A gas stove was shown at the World Fair in London in 1851, but it was only in the 1880s that the technology became a commercial success in England. By that stage a large and reliable network for gas pipeline transport had spread over much of the country, making gas relatively cheap and efficient for domestic use. Gas stoves only became widespread on the European Continent and in the United States in the early 20th century.

Early gas stoves were rather unwieldy, but soon the oven was integrated into the base and the size was reduced to fit in better with the rest of the kitchen furniture. In the 1910s, producers started to enamel their gas stoves for easier cleaning.

Ignition[edit]

Electric ignition spark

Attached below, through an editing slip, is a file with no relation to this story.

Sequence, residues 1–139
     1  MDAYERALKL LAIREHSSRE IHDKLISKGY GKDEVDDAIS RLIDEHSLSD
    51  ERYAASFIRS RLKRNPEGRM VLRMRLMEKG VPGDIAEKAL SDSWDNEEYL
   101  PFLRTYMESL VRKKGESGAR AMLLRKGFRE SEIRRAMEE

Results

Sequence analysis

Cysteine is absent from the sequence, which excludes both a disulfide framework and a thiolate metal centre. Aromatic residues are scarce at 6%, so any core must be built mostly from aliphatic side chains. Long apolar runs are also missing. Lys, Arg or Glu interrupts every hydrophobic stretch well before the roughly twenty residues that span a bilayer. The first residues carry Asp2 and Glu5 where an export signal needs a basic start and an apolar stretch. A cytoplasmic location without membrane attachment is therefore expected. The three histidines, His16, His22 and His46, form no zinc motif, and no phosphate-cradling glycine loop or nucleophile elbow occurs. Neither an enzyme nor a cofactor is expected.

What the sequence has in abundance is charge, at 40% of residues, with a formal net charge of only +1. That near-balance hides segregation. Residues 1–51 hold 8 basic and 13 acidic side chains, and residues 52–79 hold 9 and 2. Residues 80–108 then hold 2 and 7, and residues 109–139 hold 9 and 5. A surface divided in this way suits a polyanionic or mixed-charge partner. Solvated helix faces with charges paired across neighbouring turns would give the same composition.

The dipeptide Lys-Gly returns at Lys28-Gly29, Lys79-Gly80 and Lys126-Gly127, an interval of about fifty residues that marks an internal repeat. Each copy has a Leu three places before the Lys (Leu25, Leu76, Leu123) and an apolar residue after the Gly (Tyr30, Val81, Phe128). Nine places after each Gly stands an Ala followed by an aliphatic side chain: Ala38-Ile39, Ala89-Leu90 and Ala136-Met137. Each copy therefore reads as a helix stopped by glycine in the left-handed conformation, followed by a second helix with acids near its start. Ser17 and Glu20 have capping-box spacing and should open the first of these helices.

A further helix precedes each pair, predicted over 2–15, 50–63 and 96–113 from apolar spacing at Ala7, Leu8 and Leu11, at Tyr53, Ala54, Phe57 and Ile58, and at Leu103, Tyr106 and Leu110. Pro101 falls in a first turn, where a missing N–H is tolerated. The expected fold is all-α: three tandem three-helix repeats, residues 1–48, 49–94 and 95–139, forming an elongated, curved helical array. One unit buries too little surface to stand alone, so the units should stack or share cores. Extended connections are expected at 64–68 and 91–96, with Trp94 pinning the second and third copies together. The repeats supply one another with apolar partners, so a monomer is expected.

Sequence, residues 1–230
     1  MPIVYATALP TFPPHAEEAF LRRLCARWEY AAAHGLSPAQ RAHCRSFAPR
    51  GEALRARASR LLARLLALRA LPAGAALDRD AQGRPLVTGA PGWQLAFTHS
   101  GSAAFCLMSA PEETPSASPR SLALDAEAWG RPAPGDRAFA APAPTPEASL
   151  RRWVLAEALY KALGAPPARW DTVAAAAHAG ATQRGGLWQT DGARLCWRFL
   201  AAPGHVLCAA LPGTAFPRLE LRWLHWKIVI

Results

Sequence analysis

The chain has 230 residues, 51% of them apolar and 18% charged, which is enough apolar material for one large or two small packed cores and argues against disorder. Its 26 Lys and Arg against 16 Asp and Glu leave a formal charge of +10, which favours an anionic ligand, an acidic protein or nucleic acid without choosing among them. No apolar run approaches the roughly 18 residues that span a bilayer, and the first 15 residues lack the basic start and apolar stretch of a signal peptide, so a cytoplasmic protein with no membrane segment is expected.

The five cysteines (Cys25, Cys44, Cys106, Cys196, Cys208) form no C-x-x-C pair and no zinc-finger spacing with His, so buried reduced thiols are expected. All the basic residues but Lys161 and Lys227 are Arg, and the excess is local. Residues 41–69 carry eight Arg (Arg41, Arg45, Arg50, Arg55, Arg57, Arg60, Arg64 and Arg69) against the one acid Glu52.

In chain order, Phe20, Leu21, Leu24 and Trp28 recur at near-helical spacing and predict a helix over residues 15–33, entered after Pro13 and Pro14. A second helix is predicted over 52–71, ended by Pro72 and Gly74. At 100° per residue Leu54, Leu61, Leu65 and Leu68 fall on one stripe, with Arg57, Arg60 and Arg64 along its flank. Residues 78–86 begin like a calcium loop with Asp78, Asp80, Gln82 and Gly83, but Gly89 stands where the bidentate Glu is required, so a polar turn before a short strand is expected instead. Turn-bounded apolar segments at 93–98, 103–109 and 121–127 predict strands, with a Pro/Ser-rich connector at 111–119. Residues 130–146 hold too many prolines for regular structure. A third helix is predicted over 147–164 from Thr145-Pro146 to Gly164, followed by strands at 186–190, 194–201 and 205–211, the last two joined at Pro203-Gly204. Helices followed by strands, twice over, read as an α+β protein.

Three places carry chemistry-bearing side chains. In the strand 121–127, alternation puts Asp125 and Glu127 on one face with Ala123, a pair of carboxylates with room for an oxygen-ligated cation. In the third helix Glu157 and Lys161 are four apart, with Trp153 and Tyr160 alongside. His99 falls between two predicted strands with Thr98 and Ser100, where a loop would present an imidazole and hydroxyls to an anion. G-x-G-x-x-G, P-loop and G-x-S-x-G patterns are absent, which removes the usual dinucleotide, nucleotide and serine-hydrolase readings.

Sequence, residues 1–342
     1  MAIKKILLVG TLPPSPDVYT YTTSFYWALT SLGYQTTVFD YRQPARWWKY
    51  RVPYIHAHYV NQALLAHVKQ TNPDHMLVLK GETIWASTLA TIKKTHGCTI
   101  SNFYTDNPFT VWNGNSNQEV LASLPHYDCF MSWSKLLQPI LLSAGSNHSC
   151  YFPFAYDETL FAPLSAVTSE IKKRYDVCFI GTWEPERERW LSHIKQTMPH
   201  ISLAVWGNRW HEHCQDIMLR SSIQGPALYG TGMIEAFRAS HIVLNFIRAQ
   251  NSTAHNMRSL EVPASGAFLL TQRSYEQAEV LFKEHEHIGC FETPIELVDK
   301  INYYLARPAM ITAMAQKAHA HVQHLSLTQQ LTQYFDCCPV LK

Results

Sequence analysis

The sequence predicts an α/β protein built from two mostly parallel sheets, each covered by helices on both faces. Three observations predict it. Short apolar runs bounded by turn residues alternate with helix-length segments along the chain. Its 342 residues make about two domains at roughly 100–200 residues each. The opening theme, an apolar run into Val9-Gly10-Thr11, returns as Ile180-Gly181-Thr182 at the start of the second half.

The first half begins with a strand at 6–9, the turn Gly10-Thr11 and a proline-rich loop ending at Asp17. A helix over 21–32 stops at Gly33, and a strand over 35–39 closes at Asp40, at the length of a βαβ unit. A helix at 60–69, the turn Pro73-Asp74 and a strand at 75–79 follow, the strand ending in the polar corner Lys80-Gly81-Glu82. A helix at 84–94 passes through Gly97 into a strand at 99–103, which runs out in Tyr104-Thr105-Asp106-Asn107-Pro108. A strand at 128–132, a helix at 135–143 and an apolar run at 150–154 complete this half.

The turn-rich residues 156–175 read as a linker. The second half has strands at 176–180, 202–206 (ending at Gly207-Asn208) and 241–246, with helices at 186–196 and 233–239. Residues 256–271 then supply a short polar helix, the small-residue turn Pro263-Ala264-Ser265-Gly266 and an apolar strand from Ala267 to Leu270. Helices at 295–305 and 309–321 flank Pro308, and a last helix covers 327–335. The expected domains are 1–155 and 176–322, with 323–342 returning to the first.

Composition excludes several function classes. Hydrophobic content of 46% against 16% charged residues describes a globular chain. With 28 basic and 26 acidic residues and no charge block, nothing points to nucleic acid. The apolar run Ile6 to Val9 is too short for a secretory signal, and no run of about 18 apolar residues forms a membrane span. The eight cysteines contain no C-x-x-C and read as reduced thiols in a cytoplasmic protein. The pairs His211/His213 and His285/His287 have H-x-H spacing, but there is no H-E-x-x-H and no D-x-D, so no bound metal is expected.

Gas stoves today use two basic types of ignition sources, standing pilot and electric. A stove with a standing pilot has a small, continuously burning gas flame (called a pilot light) under the cooktop. The flame is between the front and back burners. When the stove is turned on, this flame lights the gas flowing out of the burners. The advantage of the standing pilot system is that it is simple and completely independent of any outside power source. A minor drawback is that the flames continuously consume fuel even when the stove is not in use. Early gas ovens did not have a pilot. One had to light these manually with a match. If one accidentally left the gas on, gas would fill the oven and eventually the room. A small spark, such as an arc from a light switch being turned on, could ignite the gas, triggering a violent explosion. To prevent these types of accidents, oven manufacturers developed and installed a safety valve called a flame failure device for gas hobs and ovens. The safety valve depends on a thermocouple that sends a signal to the valve to stay open. If a draft blows out the flame or it goes out due to loss of gas pressure, the thermocouple cools and signals the valve to close, shutting off the gas supply. In gas ranges that come with a flame failure device, lighting when there's no power can prove to be a bit of a challenge because unless the user is quick at lighting a match and then turning on the gas valve, the flame failure device cuts off the gas supply within seconds if it senses that the burner isn't lit and there's not much of a point trying to light it once it has already cut off the gas supply.